// Used as the value of startedLastEventDispatchAt when we're not in
// the middle of event dispatch.
private static final long NO_CURRENT_EVENT = 0;

// When we started dispatching the current event, in milliseconds.
private long startedLastEventDispatchAt = NO_CURRENT_EVENT;

// Have we already dumped a stack trace for the current event dispatch?
private boolean reportedHang = false;

// The event dispatch thread, for the purpose of getting stack traces.
private Thread eventDispatchThread = null;

private EventDispatchThreadHangMonitor() {

* Sets up a timer to check for hangs frequently.
private void initTimer() {
final long initialDelayMs = 0;
final boolean isDaemon = true;
Timer timer = new Timer("EventDispatchThreadHangMonitor", isDaemon);
timer.schedule(new HangChecker(), initialDelayMs, CHECK_INTERVAL_MS);

private class HangChecker extends TimerTask {
public void run() {
// Synchronize on the outer class, because that's where all
// the state lives.
synchronized (INSTANCE) {

private void checkForHang() {
if (startedLastEventDispatchAt == NO_CURRENT_EVENT) {
// We don't destroy the timer when there's nothing happening
// because it would mean a lot more work on every single AWT
// event that gets dispatched.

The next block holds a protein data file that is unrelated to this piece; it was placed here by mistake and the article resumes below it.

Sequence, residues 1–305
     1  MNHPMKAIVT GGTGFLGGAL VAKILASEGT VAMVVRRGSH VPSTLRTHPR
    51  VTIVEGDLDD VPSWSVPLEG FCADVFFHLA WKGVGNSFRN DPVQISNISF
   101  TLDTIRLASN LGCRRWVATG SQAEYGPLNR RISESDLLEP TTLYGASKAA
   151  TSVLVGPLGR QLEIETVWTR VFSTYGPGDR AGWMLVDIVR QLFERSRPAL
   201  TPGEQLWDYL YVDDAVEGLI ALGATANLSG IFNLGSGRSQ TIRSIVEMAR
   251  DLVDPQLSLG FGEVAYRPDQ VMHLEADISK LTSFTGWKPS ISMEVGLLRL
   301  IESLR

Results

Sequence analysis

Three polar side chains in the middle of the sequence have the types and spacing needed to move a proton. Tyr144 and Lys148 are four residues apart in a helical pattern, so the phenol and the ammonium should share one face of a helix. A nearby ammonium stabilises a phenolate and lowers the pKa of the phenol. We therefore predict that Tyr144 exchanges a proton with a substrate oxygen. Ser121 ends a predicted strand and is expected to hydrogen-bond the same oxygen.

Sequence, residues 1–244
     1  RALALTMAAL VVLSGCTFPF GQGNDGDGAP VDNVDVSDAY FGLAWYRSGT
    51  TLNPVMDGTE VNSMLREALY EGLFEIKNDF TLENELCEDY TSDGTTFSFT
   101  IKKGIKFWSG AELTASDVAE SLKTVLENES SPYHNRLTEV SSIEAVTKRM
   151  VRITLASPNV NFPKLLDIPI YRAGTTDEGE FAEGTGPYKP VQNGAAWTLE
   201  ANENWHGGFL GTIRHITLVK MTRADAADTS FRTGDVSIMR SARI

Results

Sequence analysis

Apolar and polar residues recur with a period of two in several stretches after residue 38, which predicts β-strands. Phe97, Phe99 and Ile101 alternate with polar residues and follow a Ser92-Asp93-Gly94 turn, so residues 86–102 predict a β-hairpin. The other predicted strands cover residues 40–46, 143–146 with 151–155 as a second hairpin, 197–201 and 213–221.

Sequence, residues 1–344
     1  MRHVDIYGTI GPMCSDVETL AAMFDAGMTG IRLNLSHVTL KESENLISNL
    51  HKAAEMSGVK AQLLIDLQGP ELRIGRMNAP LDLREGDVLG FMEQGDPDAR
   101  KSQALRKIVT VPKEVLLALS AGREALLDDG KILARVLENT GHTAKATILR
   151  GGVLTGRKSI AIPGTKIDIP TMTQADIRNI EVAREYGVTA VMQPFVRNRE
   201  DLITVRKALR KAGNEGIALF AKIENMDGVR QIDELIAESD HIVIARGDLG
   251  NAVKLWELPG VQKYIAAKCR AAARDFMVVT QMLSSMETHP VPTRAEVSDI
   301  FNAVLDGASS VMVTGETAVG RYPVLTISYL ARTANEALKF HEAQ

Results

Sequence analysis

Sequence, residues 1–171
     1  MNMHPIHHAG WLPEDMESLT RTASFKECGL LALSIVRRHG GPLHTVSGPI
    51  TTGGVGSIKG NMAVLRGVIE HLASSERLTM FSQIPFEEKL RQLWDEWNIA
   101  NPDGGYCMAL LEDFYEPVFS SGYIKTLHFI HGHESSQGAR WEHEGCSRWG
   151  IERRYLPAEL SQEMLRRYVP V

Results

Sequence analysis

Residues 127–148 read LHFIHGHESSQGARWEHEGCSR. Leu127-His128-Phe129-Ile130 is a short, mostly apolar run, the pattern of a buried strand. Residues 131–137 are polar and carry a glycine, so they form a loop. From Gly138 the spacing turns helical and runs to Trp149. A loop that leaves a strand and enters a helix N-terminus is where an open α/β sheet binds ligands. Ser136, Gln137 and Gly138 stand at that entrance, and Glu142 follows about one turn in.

private void reportHang() {
if (reportedHang) {
// Don't keep reporting the same hang every 100 ms.

reportedHang = true;
System.out.println("--- event dispatch thread stuck processing event for " + timeSoFar() + " ms:");
StackTraceElement[] stackTrace = eventDispatchThread.getStackTrace();
printStackTrace(System.out, stackTrace);

private void printStackTrace(PrintStream out, StackTraceElement[] stackTrace) {
// We know that it's not interesting to show any code above where
// we get involved in event dispatch, so we stop printing the stack
// trace when we get as far back as our code.
final String ourEventQueueClassName = EventDispatchThreadHangMonitor.class.getName();
for (StackTraceElement stackTraceElement : stackTrace) {
if (stackTraceElement.getClassName().equals(ourEventQueueClassName)) {
out.println(" " + stackTraceElement);

* Returns how long we've been processing the current event (in
* milliseconds).
private long timeSoFar() {
long currentTime = System.currentTimeMillis();
return (currentTime - startedLastEventDispatchAt);

* Sets up hang detection for the event dispatch thread.
public static void initMonitoring() {

* Overrides EventQueue.dispatchEvent to call our pre and post hooks either
* side of the system's event dispatch code.
protected void dispatchEvent(AWTEvent event) {

* Stores the time at which we started processing the current event.
private synchronized void preDispatchEvent() {
if (eventDispatchThread == null) {
// I don't know of any API for getting the event dispatch thread,
// but we can assume that it's the current thread if we're in the
// middle of dispatching an AWT event...
eventDispatchThread = Thread.currentThread();

reportedHang = false;
startedLastEventDispatchAt = System.currentTimeMillis();

* Reports the end of any ongoing hang, and notes that we're no longer
* processing an event.
private synchronized void postDispatchEvent() {
if (reportedHang) {
System.out.println("--- event dispatch thread unstuck after " + timeSoFar() + " ms.");
startedLastEventDispatchAt = NO_CURRENT_EVENT;